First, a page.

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“I was sitting on a bench crying because I didn't know where we were going to go that night.

Leor lost her home when her husband passed away last June. She and her fourteen-year-old daughter, Marissa, roomed with her sister for a few months, but there were issues with that apartment, and ultimately, Leor and her daughter wound up with nowhere to go. That was September last year. Leor said, “I was sitting on a bench crying because I didn’t know where we were going to go that night. I called everyone and they were all booked. My last call was UGM, and I left a message. They called me back and said, ‘Of course we have room for you.’”

bench

 

A holistic approach

What UGM recognizes is that people in crisis need more than food and shelter in order to rebuild their lives; they need time in a safe community where they can get out of “survival mode”, they need to feel respected, they need individualized case management, and many need relational and spiritual support as well. Leor received all of this and more at the UGM Crisis Shelter.

 

A safe, healing community

“When we got here, at first it was hard for my daughter. We had lived out in Chattaroy/Deer Park area where there was a lot of space, and she knew everybody all the way from preschool to 8th grade. So, starting a new school has been hard for her, but the people here have been amazing. The staff members have become like family members. Whenever she has had a problem with panic attacks or being sick, they have opened their arms to her.”

 

 

“I am treated like an individual person and set up for success.”

 


Leor

 

Personal space and dignity

“Another thing that gave my daughter comfort is that we have our own room. I think she assumed that we would be in bunk beds with a bunch of people. Knowing that we have our own space she can go in and close the door, and she doesn’t have to worry about anybody else. And I have not felt that I have been put into a category or group. I am treated like an individual person and set up for success.”

 


Case management and career preparation

After a few weeks settling in at the Shelter, Leor and Marissa were assigned a case manager. “I was doing everything trying to get into my own place, but everything kept falling through. I had been talking about going back to school; I used to do medical assisting.” Leor had been a stay-at-home mom for the past 13 years and spent much of that time taking care of her dad, and then she took care of her husband when he became ill. She’s a hardworking woman, but she’s not technically qualified to get a job that pays much more than minimum wage. “[In case management], I talked about going back to school, and they just had started a career prep program here this year. My case manager said, ‘Why don’t you see about joining that.’ I said okay and that was my sign. I started school just this month.” She plans to be an Occupational Therapy Assistant which will provide what she and Marissa need to afford a place of their own. “The thing that I really appreciated is that there is a path for me.”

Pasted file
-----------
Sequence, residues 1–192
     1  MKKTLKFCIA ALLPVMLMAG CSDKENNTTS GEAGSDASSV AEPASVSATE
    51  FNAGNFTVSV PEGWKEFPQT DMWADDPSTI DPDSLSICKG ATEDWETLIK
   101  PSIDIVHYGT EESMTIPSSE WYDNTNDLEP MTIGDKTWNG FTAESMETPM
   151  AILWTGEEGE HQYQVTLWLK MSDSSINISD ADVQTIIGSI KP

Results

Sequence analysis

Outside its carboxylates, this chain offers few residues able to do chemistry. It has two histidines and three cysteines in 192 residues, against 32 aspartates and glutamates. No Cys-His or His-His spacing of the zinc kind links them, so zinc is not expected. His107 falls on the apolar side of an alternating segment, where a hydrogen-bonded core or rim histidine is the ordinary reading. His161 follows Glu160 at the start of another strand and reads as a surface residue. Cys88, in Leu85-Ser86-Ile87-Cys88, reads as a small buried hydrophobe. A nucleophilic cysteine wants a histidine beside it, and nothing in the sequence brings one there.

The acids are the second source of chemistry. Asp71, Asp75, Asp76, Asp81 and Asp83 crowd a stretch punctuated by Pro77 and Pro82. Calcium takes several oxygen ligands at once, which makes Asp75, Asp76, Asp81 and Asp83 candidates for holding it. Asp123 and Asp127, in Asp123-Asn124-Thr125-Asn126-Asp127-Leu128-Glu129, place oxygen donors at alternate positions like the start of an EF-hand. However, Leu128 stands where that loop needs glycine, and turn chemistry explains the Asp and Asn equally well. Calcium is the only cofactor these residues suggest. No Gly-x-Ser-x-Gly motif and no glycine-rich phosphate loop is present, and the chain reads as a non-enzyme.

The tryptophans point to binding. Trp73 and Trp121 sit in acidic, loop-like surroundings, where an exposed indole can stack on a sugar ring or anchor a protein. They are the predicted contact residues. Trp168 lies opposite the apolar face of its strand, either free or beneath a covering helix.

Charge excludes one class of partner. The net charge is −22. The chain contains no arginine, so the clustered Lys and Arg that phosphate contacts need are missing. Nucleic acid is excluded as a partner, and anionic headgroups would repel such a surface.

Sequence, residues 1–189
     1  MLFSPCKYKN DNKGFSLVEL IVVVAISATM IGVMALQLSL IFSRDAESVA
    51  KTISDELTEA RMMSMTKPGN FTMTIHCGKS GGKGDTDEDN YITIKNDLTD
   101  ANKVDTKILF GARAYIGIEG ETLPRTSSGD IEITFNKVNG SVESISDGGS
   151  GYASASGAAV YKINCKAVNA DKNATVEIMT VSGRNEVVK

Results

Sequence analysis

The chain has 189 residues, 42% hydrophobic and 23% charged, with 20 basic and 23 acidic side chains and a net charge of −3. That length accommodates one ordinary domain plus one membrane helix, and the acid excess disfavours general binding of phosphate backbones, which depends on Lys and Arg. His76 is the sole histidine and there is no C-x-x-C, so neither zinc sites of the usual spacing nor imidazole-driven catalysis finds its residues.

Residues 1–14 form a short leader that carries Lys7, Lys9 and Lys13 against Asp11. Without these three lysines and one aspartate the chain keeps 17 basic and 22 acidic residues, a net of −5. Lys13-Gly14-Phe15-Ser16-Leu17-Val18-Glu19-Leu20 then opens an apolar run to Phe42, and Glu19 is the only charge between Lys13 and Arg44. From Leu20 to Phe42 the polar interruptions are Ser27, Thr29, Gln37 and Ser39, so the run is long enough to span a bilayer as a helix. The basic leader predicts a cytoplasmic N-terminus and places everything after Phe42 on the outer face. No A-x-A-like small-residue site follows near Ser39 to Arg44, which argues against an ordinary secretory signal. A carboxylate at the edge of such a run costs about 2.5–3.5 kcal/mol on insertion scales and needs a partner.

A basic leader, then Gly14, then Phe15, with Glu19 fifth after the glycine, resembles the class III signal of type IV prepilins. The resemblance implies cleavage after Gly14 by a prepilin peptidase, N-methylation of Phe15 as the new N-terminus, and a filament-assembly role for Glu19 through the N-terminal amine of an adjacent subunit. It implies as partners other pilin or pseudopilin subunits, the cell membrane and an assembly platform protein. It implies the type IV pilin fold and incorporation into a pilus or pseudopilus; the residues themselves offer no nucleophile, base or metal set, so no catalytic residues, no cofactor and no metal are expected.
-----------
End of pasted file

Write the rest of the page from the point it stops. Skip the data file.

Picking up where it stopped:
Relational restoration

Leor says it’s been good to see her daughter find hope again, but more than anything, it’s been good to be in a place where the two of them can start to heal. “[Marissa] has had a lot of not knowing what she wants to do and feeling kind of lost because she was close to her dad. This is close to the first birthday without him. We’ve started the parenting class here, and they’ve given us so many tools for communicating. While her dad was sick, I was in the hospital with him a lot and she was staying with family and friends. She was feeling a little abandoned and the distance between us has grown, so we have been getting back to that parent/child role.”

 



“My faith was lost at one point, but being here I have regained my faith and my spirituality has gotten so much better.”

 


Spiritual and social support

Although our Christian faith is never forced, we believe there is no greater comfort than the nearness of God through a relationship with Jesus Christ. Residents are introduced to the teachings of Jesus, and prayer and Bible study are made available to all who are interested. “My faith was lost at one point, but being here I have regained my faith and my spirituality has gotten so much better. I feel so much closer, and having access to people that we could go to for advice—they are so open to guiding or just being there for prayer or a hug—it’s been awesome. I’m so thankful.”

“A lot of people think that if you are homeless, it is because you did something to be homeless. It doesn’t have to be that you were addicted. Life happens. But it’s hard to put your pride aside and say that you need help. Even after I got here, I was kind of closed off. I was trying to do everything on my own. My case manager helped me saying, ‘Let’s try this.’ You have to put your pride aside and let it fall into place. I am so happy that I made the choice to come here. This is where I need to be to get back on track and be successful to leave and know that I can succeed on my own.”

It’s taken courage and faith, but Leor has trusted the process and is paving a path to success for herself and her daughter.

 

 

An invested community


Through our partnership with the community, we get to serve nearly 3,000 men, women and children in need of holistic care and restoration every year. People like Leor are able to pave a permanent pathway out of homelessness because, through your support, we don’t stop at just meeting the physical needs; we provide for the mental, spiritual, and emotional needs as well.

 


No one wants to see people living on the streets. There's another path. Learn more. >>

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